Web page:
Business / Business News

Antoinette Slabbert
4 minute read
3 Jun 2016
11:15 am

Eskom tariff application faces delays

Antoinette Slabbert

Eskom general manager Calib Cassim says energy regulator Nersa should regulate the utility's allowed revenues and leave Eskom to manage its business.

Picture: Michel Bega

Changes to the methodology to determine Eskom’s tariffs (multi-year price determination(MYPD)) have to be finalised before the utility can submit its tariff application for the next tariff period starting on April 1, 2018.

That means that Eskom will not be able to submit the application by the end of June, as energy regulator Nersa earlier directed.

At a public hearing on Thursday about the proposed changes, Eskom general manager Calib Cassim asked Nersa not to rush the revision of the methodology, but to spend a few months on it. He asked Nersa to host stakeholder workshops and publish the draft methodology for comment before finalising it.

Nersa regulator member for electricity Thembani Bukula indicated that Nersa might agree to extend the timeline.

The changes Nersa has proposed so far would see the regulator play a much more hands-on role with, among other things, more detailed oversight over coal purchases, Eskom’s operations and plant maintenance.

Cassim warned Nersa against unintended consequences of some of the proposed changes.

He referred to the proposed provision that would require Eskom to forecast – with 100% accuracy – coal costs, volumes and quality at least three years in advance. Cassim said that would be extremely difficult to achieve and it is doubtful whether the coal mines would be able to commit to it. Even if they could, it might lead to increased cost, he said.

Cassim said an overly-rigid approach in this regard could result in the unintended consequence of Eskom foregoing other, cheaper generation technologies at any given time in an effort to prevent variance on the coal forecasts it committed to earlier.

Nersa identified inaccurate sales forecasts in the current tariff period as one of the causes of huge interim tariff increases and proposed that variance exceeding 5% be disallowed if it is due to factors within Eskom’s control.

Cassim said it would be difficult to remain within the proposed 5% variance in the outer years of the multi-year tariff period. He proposed that 5% variance be allowed in the first year, 10% in the second and third year and 15% in the fourth and fifth year.

He further proposed that money refunded to Eskom for earlier over-expenditure, through interim tariff increases in terms of the Regulatory Clearing Account (RCA) mechanism, should bear interest.

He also suggested that Eskom give updates on its over- and under-expenditure for RCA purposes every six months. The current methodology provides for quarterly updates and Nersa did not propose any changes to the frequency.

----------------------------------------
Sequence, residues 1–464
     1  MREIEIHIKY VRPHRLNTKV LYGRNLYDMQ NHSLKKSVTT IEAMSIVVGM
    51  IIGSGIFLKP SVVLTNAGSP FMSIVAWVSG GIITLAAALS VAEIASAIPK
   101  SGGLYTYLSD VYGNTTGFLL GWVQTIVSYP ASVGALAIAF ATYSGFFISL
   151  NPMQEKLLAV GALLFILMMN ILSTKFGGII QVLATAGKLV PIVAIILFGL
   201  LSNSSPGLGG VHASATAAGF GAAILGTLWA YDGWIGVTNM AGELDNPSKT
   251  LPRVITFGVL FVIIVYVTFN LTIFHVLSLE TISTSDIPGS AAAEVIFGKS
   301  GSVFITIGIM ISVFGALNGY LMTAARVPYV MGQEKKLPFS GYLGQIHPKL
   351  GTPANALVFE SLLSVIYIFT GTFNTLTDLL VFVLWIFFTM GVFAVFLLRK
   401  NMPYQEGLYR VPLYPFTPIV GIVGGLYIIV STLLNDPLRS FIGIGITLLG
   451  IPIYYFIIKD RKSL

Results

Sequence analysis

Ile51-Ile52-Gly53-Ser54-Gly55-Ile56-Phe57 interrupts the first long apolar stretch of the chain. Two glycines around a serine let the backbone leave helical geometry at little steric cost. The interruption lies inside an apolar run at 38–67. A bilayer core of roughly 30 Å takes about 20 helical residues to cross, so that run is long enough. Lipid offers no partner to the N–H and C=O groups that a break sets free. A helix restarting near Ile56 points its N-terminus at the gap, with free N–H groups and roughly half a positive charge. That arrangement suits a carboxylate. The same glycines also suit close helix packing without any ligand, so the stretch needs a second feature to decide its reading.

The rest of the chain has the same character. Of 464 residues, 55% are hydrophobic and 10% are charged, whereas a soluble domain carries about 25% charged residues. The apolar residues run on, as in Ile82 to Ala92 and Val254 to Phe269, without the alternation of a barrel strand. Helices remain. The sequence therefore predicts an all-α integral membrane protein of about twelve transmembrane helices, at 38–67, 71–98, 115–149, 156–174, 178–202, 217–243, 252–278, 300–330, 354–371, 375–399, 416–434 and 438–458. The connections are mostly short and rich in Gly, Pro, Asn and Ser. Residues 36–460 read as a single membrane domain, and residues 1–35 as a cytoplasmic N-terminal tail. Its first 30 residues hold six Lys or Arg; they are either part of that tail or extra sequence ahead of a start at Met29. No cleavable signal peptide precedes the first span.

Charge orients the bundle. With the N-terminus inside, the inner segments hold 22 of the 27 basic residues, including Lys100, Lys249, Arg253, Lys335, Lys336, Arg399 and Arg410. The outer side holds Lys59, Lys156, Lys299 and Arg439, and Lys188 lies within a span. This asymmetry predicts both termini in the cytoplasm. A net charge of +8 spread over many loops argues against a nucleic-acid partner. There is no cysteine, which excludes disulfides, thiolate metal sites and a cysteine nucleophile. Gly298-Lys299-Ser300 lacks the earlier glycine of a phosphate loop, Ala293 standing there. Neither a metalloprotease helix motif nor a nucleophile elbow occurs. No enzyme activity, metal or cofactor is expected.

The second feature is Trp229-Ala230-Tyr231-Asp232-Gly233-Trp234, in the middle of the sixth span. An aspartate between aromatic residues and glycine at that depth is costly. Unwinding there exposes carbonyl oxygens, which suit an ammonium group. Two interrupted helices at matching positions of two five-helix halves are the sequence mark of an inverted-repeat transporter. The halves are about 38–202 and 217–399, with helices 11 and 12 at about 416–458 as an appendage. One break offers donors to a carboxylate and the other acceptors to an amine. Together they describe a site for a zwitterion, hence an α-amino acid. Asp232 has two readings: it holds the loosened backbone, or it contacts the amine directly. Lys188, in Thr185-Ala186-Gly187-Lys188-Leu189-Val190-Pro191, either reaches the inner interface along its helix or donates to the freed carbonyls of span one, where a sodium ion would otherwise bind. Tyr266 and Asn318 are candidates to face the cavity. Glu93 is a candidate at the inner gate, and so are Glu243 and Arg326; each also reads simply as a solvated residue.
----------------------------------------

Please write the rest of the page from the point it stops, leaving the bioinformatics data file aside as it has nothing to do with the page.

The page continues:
Cassim said the proposed changes would transfer too much risk to Eskom in favour of its customers and suggested it could lead to a ratings downgrade on the back of increased regulatory risks.

AfriBusiness representative Armand Greyling objected to a proposal by Nersa to remove the provision that Eskom’s quarterly updates on over- and under-expenditure for RCA purposes be made public to provide regular price signals to its customers.

He said the applicable legislation provides for transparency, consistency and predictability and places an obligation on Nersa to act in the public interest in regulating electricity tariffs. These objectives would be undermined by the failure to make Eskom’s interim reporting public, he said.

Ted Blom, representing the Organisation Undoing Tax Abuse (Outa), criticised the provision for a reasonable return on Eskom’s assets in the methodology and argued that State-owned companies should operate on a zero-return basis.

The Nersa panel questioned this argument and asked how it would comply with current legislation.

Blom further said Outa supports more regulatory interference at Eskom in the light of Eskom’s inefficiency and with the aim of protecting customers. He said this is however a short-term strategy and in the longer run the market should be opened up to other players.

Nhlanhla Ngidi, representing the SA Local Government Association (Salga), thanked Nersa for heeding Salga’s call for the revision of the methodology. He said Salga supports many of Nersa’s proposals, but asked for specific measurement of Eskom’s maintenance at municipal supply points.

He asked Nersa to strengthen its monitoring of Eskom.

Nico Bruwer, a member of the public who made a presentation, said it looks as if Eskom has an appetite for an endless supply of money. He pointed out that Eskom’s revenue increased consistently and dramatically over the past decade at a much faster pace than inflation, while its sales remained flat.

He further stated that Eskom’s staff numbers increased by 41 % since 2007, which indicates inefficiency in the light of flat sales, and its debt is unaffordable, compared with its annual income.

“We are at a crossroads with Eskom and heading for serious consequences,” he said.

Bruwer asked for proper consultation with stakeholders to develop a new approach that will put Eskom back on a sound footing.

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